The Real World of the Database Administrator: How DBAs Like You Are Managing Their Data.

This white paper addresses the role of a database administrators, the changing technology landscape, and trends in data growth.

In the world of IT, perhaps nothing is more exciting than the introduction of radically new technologies. And the information management arena may be on the verge of one of those moments. The past 10 years have been a golden age for generating and capturing a virtual avalanche of new kinds and quantities of data. With the growth of cloud computing and associated storage technologies, social media, low-cost video, and other hot new technologies, companies have access to an abundance of new data types.  We partnered with Unisphere Research to research these topics and understand which will impact the role of database administrators.

We value your time - here is a snippet of the content you will receive inside of this white paper including a few of our key findings:

  • While Hadoop and NoSQL are exciting new technologies, their use currently is confined primarily to large companies. The traditional database management system still provides the foundation for the information management infrastructure in most organizations. Oracle and Microsoft SQL Server are the most common platforms to support mission-critical data.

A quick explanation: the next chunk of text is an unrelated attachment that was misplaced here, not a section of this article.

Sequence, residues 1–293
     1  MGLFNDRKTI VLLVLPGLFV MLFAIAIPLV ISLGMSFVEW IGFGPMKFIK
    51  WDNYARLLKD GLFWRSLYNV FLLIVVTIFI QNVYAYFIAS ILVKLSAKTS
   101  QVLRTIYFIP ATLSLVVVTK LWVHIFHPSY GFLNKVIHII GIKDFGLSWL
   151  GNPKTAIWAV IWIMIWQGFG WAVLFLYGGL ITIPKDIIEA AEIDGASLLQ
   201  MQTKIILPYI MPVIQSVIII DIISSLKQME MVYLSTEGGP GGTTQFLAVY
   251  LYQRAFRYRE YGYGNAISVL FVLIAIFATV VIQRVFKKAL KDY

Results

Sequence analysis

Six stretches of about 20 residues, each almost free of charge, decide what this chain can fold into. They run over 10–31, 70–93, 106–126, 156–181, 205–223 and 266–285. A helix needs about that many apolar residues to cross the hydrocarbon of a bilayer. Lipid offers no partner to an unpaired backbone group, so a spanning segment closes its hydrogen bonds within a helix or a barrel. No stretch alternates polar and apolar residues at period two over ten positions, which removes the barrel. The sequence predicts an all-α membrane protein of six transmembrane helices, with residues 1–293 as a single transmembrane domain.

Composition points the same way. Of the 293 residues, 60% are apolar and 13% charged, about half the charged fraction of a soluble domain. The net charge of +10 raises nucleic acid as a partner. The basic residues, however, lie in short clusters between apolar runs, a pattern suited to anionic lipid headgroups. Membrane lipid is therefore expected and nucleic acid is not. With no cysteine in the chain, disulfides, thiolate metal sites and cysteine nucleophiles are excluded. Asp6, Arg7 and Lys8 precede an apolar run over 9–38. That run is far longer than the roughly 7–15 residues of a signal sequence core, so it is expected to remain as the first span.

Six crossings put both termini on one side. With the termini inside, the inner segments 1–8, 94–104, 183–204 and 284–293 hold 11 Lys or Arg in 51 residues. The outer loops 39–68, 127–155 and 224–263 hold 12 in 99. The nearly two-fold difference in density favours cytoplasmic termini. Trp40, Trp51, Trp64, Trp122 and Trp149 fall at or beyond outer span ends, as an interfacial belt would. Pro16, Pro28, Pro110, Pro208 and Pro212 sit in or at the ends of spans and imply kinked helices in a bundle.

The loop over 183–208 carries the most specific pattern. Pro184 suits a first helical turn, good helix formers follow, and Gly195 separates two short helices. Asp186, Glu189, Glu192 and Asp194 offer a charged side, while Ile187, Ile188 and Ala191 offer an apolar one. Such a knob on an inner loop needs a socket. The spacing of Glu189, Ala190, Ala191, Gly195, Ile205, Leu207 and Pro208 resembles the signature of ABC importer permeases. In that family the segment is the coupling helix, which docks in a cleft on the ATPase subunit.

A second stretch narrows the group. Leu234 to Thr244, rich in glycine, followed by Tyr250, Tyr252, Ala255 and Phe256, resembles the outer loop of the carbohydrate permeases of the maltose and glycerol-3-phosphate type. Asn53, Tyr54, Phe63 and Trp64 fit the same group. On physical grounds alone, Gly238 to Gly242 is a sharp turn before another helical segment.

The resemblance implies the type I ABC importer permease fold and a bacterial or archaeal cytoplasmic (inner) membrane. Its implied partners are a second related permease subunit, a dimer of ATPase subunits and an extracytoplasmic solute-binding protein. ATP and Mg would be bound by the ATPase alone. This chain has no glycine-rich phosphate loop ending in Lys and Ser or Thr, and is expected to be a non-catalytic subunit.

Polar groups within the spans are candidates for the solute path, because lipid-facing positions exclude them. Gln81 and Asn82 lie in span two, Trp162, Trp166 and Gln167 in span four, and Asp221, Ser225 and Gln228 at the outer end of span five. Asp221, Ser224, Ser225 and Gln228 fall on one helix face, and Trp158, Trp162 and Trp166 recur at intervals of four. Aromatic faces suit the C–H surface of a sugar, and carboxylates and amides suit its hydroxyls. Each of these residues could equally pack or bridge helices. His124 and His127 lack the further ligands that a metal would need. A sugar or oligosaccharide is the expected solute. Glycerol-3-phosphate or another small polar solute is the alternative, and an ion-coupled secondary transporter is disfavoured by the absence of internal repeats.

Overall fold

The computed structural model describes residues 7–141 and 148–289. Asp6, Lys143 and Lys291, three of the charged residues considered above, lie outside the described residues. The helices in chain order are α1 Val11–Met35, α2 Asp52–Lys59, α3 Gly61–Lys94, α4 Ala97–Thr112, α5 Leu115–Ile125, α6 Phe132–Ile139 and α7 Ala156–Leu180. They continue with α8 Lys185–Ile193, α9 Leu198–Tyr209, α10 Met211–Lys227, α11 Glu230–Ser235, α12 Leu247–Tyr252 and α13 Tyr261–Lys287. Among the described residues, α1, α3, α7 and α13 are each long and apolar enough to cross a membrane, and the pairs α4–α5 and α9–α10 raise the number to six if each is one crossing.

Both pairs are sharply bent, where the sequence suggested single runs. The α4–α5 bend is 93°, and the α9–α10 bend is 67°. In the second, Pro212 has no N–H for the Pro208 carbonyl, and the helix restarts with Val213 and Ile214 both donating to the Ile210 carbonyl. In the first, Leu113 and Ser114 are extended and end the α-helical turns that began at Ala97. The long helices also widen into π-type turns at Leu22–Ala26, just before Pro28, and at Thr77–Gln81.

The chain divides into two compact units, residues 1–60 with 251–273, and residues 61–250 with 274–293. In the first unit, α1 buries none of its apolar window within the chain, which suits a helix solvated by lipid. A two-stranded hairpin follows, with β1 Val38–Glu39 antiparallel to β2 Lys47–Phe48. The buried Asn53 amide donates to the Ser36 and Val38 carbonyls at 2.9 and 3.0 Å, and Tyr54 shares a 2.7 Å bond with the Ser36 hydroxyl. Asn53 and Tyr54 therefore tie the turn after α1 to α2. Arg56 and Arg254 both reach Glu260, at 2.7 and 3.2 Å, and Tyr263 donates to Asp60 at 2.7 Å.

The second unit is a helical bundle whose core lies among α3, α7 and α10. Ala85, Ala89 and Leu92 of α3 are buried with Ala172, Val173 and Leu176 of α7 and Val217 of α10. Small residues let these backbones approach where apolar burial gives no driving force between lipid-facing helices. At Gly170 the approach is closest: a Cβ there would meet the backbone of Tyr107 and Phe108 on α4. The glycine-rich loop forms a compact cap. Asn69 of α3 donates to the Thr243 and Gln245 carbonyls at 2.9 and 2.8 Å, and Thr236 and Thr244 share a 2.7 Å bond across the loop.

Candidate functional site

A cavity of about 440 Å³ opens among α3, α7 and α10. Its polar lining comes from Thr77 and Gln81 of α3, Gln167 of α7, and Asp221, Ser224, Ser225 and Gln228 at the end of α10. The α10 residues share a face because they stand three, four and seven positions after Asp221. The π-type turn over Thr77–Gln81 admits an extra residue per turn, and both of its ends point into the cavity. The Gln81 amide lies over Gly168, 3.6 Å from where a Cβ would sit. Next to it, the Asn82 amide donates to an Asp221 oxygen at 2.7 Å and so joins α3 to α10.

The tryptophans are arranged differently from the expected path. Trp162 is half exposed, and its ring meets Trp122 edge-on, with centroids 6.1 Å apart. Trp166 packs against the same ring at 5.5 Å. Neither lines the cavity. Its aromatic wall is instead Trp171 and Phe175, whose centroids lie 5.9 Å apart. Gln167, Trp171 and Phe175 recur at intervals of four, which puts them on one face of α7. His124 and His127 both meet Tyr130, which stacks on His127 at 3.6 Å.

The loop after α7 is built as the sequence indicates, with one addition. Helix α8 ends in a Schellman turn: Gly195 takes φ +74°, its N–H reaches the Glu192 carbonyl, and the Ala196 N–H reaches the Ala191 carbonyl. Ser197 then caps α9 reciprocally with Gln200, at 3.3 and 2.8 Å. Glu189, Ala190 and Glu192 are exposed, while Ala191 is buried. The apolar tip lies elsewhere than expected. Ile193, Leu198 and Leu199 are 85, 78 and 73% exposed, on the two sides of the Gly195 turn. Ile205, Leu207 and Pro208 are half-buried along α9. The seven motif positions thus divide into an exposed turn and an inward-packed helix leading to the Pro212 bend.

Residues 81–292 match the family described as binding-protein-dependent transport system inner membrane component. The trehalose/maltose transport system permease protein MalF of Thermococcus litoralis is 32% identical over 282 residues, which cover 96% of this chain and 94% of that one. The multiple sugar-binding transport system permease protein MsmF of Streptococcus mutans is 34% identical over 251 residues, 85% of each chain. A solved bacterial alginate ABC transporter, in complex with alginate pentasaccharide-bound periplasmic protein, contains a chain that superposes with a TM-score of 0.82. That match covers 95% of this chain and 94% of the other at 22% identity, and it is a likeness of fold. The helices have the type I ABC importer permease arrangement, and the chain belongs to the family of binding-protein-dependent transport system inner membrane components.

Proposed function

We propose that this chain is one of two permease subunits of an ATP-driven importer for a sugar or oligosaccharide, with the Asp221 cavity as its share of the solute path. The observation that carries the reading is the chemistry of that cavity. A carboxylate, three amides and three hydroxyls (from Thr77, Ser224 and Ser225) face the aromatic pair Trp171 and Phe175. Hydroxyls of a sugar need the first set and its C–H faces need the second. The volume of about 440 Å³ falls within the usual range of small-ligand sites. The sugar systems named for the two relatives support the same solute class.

• Most DBAs are responsible for multiple database instances from multiple vendors.
  • While maintenance and performance are the top responsibilities for most DBAs, security is becoming an increasingly important item on their agendas. However, currently, DBAs spend less time on security issues than they do on supporting database development.
  • The key challenge for DBAs is learning new technologies.

What seems to be explosive data growth has been a constant feature of information technology and management for a long time. The sheer volume of data under management seems staggering and yet what was once considered a lot of data is now seen as trivial. The respondents in this survey manage a high volume of data, with close to 30% managing more than 500TB. Over the past 5 years, however, the raw growth of data has been only part of the story. As importantly, more data types are being captured, stored, and made available for analysis. Moreover, companies have access to more data that they themselves did not create. Those two drivers new data types and new data sources have led to the interest in what is called big data. For all the interest in how to capture and manage unstructured and semi-structured data, structured data remains the bedrock of the information infrastructure in most companies.

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